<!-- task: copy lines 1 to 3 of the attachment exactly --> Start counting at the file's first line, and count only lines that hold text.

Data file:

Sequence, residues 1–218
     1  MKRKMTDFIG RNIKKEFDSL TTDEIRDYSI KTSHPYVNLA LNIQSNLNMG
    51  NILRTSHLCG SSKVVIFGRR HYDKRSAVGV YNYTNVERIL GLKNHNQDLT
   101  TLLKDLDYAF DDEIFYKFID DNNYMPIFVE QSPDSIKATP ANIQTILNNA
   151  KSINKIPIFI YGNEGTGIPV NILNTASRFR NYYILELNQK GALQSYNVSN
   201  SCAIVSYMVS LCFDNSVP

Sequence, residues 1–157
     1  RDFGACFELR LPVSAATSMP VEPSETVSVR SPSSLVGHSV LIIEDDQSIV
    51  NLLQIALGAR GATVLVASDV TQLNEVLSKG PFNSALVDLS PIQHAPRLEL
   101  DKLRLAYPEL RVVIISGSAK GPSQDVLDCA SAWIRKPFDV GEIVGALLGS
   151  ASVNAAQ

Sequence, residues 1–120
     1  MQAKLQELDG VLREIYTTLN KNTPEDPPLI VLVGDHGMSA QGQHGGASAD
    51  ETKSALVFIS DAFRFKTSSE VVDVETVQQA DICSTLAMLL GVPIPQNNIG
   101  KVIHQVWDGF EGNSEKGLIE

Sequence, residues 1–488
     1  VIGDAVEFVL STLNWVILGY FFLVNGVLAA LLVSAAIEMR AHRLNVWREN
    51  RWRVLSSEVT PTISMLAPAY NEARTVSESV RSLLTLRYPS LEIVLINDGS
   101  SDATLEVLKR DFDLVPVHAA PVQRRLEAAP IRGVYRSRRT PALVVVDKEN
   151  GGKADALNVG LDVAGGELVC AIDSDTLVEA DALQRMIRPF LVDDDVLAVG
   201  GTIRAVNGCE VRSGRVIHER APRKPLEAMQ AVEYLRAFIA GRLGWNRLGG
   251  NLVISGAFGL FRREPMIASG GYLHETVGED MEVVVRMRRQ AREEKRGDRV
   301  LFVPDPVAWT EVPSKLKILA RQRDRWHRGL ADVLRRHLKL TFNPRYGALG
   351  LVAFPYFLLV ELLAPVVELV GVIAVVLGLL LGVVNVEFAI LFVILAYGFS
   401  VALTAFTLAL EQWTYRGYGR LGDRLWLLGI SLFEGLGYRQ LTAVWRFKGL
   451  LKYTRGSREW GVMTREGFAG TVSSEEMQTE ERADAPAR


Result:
Sequence, residues 1–218
     1  MKRKMTDFIG RNIKKEFDSL TTDEIRDYSI KTSHPYVNLA LNIQSNLNMG
    51  NILRTSHLCG SSKVVIFGRR HYDKRSAVGV YNYTNVERIL GLKNHNQDLT